Ballons [Balloons! pardon my french]

How fast are the winds blowing, high above us? How warm are they, and how much moisture do they carry? The best way to find that out is with a balloon! We attach a thermometer, a humidity sensor, a GPS tracker, and a radio antenna (all integrated in a small lightweight box) to a helium-filled balloon, and release it. The instrument (called a radiosonde) rises up ~300 meters every minute, into thinner and colder layers of the atmosphere, often reaching up to 20’000 meters (65’000 feet) above us. The high-quality latex balloon expands up to 4-5m across, before it eventually pops! (and invariably falls somewhere..). The sonde transmits data, valuable especially over the oceans, back in real time.

Mooring adrift

How much heat does the ocean supply to the atmosphere? And how much water evaporates in the Bay of Bengal? Both are critical for the dynamics of the monsoon, and the rainfall over land. One of the instrument platforms deployed to answer these questions is a drifting “mooring”: a floating buoy tethered to a long line with a weight at the end. The buoy is decked out with gauges measuring weather conditions at the surface. Below the water, attached to the long line, are instruments measuring ocean currents, temperature, salinity, and turbulence at many different depths, from right at the surface to 200 m below. Normally such a mooring is held in place by a heavy weight sitting at the bottom of the ocean (often old railroad wheels!) for a year. However this mooring needs not to stay for an entire year, and also not stay precisely at one point. So a much easier solution was found: instead of anchored to the seafloor, it is “anchored” to the slow currents at 200 m depth, by large x-shaped wings that get dragged by the water. So even if the winds are howling at 15 m/s, or 30 knots, the buoy won’t be sailing away, but is stuck in place with the much slower moving deep ocean. Check out its current location and live data, courtesy of the Upper Ocean Processes group at the Woods Hole Oceanographic Institution: http://uop.whoi.edu/currentprojects/MISO/misodata.html

call sign KTDQ

Speed over ground: ~12 knots. Heading: East. Destination: active weather of the summer monsoon, to shed some light on the murky interactions at the boundary between warm sea and tropical atmosphere.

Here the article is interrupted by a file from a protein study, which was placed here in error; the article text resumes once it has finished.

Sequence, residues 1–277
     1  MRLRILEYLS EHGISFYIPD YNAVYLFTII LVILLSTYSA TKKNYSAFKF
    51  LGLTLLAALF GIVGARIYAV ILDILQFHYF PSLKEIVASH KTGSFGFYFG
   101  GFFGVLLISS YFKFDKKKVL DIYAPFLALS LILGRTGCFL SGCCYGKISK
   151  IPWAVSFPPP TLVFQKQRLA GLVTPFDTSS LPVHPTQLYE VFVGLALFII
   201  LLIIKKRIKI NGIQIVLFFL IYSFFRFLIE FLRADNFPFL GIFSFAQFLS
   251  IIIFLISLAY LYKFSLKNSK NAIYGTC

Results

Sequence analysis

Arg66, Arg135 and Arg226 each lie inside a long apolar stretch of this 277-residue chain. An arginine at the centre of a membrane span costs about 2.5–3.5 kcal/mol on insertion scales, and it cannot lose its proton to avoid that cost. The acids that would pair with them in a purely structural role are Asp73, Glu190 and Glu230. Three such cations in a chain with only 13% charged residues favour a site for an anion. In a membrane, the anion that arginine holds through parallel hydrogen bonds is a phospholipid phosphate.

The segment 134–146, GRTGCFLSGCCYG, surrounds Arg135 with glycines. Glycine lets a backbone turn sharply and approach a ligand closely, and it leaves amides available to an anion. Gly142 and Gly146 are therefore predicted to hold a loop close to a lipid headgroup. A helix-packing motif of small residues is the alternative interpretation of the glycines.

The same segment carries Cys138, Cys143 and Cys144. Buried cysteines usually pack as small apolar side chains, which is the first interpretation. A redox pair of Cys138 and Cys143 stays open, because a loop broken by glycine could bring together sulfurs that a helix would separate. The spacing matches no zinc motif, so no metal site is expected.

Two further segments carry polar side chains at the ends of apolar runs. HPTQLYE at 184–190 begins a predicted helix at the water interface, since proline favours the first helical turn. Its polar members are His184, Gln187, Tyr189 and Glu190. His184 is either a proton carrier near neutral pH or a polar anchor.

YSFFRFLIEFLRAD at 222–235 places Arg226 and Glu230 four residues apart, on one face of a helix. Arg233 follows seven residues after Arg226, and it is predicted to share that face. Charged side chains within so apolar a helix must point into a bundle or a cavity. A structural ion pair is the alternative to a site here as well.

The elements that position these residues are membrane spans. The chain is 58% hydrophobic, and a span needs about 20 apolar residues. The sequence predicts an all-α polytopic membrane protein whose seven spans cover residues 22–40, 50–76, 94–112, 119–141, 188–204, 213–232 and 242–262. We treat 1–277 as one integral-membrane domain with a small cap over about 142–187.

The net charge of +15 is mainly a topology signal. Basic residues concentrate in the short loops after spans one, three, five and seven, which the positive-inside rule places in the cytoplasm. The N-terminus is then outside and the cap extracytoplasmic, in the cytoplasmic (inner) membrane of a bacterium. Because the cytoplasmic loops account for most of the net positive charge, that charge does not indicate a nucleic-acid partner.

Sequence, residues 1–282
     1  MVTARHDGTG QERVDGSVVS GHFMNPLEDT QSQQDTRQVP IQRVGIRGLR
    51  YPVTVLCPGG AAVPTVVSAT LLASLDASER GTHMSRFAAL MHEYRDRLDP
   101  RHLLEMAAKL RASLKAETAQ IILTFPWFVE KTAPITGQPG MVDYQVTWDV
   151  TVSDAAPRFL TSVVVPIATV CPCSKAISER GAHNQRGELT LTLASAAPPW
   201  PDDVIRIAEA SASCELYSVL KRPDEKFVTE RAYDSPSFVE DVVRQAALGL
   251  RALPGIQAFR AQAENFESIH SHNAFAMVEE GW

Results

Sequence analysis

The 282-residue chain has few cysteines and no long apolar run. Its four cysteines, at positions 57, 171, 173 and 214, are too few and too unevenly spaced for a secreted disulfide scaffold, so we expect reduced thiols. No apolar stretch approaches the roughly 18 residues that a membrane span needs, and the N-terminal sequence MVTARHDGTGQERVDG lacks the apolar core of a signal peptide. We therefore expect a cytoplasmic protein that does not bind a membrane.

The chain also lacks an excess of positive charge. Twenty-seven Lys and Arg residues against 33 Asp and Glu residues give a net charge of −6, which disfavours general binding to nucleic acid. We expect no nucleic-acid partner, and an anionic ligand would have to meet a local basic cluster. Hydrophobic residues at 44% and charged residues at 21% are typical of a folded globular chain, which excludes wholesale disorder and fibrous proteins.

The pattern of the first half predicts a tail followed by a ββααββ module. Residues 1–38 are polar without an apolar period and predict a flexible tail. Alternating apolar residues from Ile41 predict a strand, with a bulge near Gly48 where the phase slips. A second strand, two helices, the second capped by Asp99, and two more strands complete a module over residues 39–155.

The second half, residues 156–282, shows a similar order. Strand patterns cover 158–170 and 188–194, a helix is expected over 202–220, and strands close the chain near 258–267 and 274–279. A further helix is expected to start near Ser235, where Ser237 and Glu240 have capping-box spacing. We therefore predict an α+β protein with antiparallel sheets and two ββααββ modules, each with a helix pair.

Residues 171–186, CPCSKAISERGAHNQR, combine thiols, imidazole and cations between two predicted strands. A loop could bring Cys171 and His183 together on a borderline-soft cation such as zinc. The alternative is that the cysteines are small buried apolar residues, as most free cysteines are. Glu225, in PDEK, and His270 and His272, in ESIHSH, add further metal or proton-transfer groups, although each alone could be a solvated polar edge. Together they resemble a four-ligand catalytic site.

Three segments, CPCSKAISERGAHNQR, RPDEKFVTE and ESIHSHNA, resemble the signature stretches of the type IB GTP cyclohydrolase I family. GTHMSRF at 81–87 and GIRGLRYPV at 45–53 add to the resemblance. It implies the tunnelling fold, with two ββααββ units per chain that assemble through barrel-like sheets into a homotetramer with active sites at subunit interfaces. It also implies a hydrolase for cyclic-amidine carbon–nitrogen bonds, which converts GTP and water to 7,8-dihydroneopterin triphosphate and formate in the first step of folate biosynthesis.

KTDQ_monsoon-1.jpg
A suite of instruments probing the atmosphere above the ship: far left on the railing is a microwave sounder, inside the open container a W-band radar, and hosted on the center mast are direct-covariance flux instruments.

Preparations in Port

The first two days on the ship reminded me of moving into a new home—lots of unpacking, assembling, and cleaning. However, instead of building IKEA furniture for your living room, we were assembling instruments and lab spaces. Enjoy some photos from the two days at port in Chennai, India, and stay tuned for more updates from sea!   J.H.

Welcome aboard!

Welcome to the MISO-BoB (Monsoon Intra-seasonal Oscillation in the Bay of Bengal) pilot cruise aboard the R/V Thomas G. Thompson! For the next three weeks we will chase rains and winds, making measurements between ocean and atmosphere in the Bay of Bengal. As a team of oceanographers and meteorologists we aim to better understand the monsoon over the northern Indian Ocean, producing better forecasts in the future!

This blog is a purely personal notebook with contributions from a few students and researchers on board, to offer family, friends, and curious visitors a window into the excitement and day-to-day life at sea on board a research ship. We hope you enjoy!

tgt_morning-1
Wispy early morning clouds over the  R/V Thompson docked in the port of Chennai, India